Nevada City Film Festival in running for Readers’ Choice travel awards | TheUnion.com

Nevada City Film Festival in running for Readers’ Choice travel awards

Jesse Locks
Special to The Union

Nevada City Film Festival (NCFF) has been nominated in USA Today’s 2020 10Best Readers’ Choice travel awards. Their expert panel selected the local festival as a contender for Best Film Festival, which just launched. Also included on the list is such iconic film festivals as Sundance, SXSW, Tribeca, and Telluride, and smaller niche festivals like Dances With Films and Slamdance.

The contest gives voters four weeks to vote for the candidate of their choice at http://www.10best.com/awards/travel/best-film-festival. A person can vote once a day for the run of the contest. Voting ends March 2, and the winners will be announced on 10Best on March 13.

The USA TODAY Travel Media Group sites rank among the top ten most-visited travel information sites in North America. The 10Best.com site provides users with original, unbiased, and experiential travel content of top attractions, things to see and do, and restaurants for top destinations in the U.S. and around the world.

“We are blown away!” said Jesse Locks, executive director of the Nevada County Film Festival. “It’s such an honor for our community to be mentioned alongside these famous, well-respected film festivals. Here is our chance to show the world how much Nevada County loves and supports independent filmmaking and filmmakers.”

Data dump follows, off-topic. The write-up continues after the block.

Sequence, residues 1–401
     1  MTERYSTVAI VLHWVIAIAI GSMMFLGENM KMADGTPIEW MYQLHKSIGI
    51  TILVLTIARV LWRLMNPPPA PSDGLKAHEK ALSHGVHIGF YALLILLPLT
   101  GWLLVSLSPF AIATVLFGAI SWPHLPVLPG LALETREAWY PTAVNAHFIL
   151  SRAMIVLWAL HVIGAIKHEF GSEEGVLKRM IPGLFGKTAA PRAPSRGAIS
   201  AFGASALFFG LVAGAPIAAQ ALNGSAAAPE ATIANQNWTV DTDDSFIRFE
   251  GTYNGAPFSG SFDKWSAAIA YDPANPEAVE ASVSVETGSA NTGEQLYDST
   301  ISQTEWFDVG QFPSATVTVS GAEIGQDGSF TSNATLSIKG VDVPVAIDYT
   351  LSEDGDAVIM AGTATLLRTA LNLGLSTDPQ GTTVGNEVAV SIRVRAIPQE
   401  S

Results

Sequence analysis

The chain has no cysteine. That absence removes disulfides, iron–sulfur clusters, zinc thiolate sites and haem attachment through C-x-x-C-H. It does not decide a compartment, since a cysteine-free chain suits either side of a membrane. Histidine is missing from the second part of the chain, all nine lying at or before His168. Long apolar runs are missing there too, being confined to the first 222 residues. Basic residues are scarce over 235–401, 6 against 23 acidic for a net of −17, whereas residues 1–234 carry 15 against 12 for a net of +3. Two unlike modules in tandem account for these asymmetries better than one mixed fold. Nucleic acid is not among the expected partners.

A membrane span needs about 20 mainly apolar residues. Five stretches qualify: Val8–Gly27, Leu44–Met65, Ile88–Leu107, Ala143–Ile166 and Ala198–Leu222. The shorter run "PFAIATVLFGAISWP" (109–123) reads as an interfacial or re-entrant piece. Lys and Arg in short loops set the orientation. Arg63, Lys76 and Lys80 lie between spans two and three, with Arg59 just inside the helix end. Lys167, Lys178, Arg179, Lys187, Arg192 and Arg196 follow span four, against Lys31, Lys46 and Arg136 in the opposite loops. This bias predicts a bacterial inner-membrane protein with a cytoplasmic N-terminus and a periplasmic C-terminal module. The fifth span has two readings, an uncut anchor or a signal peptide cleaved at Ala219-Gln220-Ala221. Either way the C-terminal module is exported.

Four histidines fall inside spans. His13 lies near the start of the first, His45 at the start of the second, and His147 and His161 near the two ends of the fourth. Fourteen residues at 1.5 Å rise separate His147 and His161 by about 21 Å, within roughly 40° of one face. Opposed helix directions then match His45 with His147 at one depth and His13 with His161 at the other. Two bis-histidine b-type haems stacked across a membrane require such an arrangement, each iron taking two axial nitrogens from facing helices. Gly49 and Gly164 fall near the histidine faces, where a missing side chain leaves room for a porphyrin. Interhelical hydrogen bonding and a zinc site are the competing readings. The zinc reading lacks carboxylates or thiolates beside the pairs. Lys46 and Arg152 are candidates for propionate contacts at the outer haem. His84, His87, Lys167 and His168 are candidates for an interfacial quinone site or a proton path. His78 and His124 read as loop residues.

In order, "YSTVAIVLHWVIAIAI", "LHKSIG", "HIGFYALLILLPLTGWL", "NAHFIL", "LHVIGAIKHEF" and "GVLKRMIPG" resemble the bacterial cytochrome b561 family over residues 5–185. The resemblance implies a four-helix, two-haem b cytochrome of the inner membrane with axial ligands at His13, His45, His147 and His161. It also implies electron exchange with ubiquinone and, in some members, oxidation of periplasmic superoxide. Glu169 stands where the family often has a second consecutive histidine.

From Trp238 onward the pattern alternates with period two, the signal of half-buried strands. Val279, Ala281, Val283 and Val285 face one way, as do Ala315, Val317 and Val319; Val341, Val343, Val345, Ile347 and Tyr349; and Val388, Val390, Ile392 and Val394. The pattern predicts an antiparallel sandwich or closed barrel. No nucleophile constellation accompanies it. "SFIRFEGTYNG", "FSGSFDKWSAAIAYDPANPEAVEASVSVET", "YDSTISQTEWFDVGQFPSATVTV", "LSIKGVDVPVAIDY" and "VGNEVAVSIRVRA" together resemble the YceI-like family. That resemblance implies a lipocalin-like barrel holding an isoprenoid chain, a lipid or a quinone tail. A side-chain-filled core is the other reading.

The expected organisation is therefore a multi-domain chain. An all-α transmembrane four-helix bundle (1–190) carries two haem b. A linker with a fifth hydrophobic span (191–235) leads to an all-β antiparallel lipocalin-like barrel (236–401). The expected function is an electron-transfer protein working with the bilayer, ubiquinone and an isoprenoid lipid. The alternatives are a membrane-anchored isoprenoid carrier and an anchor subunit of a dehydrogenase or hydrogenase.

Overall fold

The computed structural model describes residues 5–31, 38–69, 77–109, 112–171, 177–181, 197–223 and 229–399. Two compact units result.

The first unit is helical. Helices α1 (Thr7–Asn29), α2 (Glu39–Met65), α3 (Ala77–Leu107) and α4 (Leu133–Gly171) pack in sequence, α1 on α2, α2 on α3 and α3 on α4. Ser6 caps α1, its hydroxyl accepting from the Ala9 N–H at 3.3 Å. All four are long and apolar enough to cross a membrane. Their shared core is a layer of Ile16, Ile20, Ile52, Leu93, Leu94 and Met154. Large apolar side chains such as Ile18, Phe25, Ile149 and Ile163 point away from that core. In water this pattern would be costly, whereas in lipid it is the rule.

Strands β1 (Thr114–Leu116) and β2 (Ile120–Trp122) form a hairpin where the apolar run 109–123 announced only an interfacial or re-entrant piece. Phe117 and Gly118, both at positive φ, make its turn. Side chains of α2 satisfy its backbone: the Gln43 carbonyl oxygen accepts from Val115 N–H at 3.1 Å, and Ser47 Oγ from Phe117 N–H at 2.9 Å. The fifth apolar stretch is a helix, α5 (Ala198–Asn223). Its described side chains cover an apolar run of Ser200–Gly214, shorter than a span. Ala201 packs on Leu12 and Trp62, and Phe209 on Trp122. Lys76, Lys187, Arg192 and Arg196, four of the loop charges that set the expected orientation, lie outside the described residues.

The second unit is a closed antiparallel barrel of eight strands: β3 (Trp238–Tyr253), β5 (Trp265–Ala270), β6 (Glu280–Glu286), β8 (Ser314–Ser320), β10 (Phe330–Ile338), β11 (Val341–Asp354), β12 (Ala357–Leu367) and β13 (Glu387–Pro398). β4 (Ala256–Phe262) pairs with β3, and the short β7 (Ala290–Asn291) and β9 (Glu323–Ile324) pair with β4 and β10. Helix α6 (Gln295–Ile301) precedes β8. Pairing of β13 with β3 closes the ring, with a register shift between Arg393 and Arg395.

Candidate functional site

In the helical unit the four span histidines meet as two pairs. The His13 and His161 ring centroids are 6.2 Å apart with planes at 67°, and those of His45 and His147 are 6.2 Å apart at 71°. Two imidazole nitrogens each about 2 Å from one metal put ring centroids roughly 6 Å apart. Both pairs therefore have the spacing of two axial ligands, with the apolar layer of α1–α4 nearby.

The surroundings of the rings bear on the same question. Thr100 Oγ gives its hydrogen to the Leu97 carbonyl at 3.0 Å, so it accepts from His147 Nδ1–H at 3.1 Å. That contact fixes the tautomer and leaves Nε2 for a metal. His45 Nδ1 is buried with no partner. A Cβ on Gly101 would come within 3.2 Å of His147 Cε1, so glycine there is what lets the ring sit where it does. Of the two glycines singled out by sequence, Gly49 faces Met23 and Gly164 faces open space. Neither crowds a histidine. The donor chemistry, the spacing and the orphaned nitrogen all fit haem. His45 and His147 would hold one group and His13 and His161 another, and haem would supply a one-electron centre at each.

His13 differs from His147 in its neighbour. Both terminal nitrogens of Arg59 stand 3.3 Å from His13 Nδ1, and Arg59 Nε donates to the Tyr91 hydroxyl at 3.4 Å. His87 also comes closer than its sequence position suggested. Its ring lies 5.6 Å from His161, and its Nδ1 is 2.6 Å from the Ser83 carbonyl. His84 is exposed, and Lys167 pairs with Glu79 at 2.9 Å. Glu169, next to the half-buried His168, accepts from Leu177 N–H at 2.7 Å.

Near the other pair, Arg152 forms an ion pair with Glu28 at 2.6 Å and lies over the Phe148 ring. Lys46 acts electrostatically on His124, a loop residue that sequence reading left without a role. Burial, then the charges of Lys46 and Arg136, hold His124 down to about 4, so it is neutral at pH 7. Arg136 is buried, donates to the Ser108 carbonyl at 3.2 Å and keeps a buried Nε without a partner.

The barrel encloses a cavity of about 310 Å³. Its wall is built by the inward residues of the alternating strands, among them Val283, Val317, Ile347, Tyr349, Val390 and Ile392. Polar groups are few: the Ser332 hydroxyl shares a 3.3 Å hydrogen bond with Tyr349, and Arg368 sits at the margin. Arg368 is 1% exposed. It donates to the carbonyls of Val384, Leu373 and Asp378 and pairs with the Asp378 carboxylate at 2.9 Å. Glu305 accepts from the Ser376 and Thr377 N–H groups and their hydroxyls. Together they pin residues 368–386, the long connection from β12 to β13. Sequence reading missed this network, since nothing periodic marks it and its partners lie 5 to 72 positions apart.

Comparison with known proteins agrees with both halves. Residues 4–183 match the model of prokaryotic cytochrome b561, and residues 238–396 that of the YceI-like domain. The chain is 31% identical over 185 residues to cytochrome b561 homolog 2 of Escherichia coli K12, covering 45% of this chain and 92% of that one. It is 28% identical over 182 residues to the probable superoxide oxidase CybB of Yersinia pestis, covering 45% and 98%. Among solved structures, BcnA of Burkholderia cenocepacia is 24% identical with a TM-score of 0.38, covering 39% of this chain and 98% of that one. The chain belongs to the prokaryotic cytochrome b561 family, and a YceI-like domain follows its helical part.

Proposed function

Since 2001, NCFF has brought top independent film, music and comedy, along with attracting thousands of attendees, international filmmakers, and industry guests to Western Nevada County.

NCFF is often referred to as the “Sundance of the Sierra” for its emphasis on fiercely independent cinema and showcasing innovative, progressive and exciting new voices in film. In 2019, NCFF was named for the second time by Moviemaker Magazine as one of the top 50 film festivals in the world worth the submission fee for filmmakers.

This year’s festival kicks off Aug. 28 to Sept. 4, with a week-long festival features indoor and outdoor film screenings, panels and workshops for filmmakers and festival attendees, filmmaker Q&A’s and coffee talks, after-parties, virtual reality experiences, nature hikes and outdoor excursions, and other special events.

At press time, NCFF was currently ranked No. 6 on the list.

“NCFF is definitely the smallest and probably the least known of the film festivals on the list,” Locks said. “No matter where we land on the list, this is an amazing opportunity that raises the profile of our community on a national level, which can go on to help with attracting tourism dollars, new businesses, awareness of our thriving arts community and so much more.”


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